Swedish prosecutors have offered to travel to London to question Wikileaks founder Julian Assange over sex assault allegations.
Prosecutors had previously insisted on questioning Mr Assange in Sweden, after seeking his arrest in 2010.
Mr Assange denies the assault claims and has been living at the Ecuadorean embassy in London since 2012.
He fears that if he is sent to Sweden he could then be extradited to the US to face charges over leaking material.
A lawyer for Mr Assange, Per Samuelson, welcomed the move. "He is willing to co-operate fully now in conducting this interrogation - this is a great victory for him," he told the BBC World Service.
"We've been waiting for this for over four years."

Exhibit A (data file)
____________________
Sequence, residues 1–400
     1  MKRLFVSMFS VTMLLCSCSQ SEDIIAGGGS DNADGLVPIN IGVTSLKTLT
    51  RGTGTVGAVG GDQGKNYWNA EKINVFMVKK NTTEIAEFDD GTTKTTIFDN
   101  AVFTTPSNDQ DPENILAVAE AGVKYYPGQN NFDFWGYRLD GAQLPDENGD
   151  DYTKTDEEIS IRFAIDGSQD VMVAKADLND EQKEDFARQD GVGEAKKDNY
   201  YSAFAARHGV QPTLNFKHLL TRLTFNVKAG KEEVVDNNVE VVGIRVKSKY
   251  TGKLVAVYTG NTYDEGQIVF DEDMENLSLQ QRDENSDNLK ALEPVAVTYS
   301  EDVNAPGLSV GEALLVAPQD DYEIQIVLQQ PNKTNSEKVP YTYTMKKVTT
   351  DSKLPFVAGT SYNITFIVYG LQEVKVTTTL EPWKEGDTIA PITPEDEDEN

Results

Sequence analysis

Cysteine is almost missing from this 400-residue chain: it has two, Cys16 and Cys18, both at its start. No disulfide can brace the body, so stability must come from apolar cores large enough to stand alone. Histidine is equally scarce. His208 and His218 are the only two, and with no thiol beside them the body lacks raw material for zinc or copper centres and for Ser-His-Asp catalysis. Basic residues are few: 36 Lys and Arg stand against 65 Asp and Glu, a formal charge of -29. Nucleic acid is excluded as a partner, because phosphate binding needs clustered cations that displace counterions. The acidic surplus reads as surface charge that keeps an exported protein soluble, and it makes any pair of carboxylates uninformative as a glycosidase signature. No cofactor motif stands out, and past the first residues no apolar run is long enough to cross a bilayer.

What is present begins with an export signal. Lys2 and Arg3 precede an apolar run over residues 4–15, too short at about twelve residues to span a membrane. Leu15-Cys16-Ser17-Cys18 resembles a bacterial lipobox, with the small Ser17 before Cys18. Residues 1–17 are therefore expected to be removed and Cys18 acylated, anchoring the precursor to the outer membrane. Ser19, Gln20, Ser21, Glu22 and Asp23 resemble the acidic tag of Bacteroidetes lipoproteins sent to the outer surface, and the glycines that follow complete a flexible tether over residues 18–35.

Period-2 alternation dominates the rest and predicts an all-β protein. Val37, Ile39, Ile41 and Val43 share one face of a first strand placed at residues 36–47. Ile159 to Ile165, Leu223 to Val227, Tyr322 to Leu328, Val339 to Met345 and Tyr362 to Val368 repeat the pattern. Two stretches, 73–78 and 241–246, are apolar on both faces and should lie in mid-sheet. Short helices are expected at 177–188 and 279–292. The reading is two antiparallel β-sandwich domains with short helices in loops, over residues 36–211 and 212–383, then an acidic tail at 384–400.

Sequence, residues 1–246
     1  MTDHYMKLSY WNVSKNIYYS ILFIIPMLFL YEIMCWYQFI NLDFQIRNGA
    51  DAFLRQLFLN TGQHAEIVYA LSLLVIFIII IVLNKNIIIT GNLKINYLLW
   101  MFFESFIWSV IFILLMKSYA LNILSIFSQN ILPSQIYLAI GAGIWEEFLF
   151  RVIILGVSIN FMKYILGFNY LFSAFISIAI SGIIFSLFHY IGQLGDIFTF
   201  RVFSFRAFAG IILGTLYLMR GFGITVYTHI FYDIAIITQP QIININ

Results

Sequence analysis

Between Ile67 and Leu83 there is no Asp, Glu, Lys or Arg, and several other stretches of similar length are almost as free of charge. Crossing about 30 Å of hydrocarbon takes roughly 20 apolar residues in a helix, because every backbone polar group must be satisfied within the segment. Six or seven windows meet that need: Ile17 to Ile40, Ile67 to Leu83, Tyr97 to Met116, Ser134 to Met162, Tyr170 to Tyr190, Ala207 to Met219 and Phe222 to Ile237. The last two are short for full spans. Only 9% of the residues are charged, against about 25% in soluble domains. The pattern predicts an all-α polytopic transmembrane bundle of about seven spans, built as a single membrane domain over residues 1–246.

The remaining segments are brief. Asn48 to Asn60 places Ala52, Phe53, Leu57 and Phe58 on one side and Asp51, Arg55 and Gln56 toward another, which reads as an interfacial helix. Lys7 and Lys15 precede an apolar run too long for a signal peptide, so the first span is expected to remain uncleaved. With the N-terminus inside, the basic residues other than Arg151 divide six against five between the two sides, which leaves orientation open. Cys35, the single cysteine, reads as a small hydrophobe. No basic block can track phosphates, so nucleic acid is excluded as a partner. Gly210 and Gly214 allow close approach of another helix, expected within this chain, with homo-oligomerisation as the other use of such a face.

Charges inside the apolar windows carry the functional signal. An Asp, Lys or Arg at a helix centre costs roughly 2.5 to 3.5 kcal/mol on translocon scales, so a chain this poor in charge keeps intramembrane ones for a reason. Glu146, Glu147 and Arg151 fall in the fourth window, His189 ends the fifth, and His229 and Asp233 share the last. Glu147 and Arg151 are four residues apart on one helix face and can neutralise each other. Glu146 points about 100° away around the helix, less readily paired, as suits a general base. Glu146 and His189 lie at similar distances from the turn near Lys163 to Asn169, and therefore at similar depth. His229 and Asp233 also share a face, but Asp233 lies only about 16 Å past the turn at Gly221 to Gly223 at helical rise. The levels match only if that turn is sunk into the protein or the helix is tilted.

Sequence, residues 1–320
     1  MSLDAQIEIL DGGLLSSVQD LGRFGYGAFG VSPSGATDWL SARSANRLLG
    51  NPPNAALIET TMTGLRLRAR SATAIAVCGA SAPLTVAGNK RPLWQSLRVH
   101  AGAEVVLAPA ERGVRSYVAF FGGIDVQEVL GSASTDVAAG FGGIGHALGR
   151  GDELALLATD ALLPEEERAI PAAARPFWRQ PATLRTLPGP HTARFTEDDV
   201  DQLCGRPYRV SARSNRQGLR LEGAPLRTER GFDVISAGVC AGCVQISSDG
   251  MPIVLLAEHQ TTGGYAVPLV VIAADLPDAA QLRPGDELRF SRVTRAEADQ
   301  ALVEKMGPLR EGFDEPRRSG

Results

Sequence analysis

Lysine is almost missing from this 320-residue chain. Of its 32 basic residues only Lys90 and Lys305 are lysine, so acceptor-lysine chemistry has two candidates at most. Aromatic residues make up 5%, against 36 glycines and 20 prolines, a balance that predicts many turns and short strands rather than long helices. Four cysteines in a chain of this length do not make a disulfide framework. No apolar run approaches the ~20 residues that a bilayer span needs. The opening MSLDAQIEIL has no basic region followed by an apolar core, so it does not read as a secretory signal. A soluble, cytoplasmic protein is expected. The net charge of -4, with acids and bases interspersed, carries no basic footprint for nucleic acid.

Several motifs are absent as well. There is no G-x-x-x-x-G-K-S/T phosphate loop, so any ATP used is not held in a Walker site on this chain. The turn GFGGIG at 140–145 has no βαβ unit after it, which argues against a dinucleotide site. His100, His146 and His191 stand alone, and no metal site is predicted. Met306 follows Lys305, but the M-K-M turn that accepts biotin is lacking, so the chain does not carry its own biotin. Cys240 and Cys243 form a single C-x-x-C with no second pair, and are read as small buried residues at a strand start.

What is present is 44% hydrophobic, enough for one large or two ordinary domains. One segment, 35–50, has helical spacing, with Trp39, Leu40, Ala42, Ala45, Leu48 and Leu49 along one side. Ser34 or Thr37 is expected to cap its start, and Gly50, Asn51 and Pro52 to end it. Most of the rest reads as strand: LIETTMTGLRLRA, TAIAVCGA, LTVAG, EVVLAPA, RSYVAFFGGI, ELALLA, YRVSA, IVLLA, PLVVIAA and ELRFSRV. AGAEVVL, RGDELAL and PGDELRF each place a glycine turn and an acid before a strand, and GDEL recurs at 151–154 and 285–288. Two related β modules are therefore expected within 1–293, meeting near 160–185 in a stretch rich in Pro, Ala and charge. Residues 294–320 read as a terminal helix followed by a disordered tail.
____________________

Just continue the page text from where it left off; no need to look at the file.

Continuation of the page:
The lead Swedish prosecutor explained the change of strategy by saying some potential charges against Mr Assange would expire under the statute of limitations in August.
"My view has always been that to perform an interview with him at the Ecuadorean embassy in London would lower the quality of the interview," Marianne Ny said in a statement.
"Now that time is of the essence, I have viewed it therefore necessary to accept such deficiencies in the investigation and likewise take the risk that the interview does not move the case forward."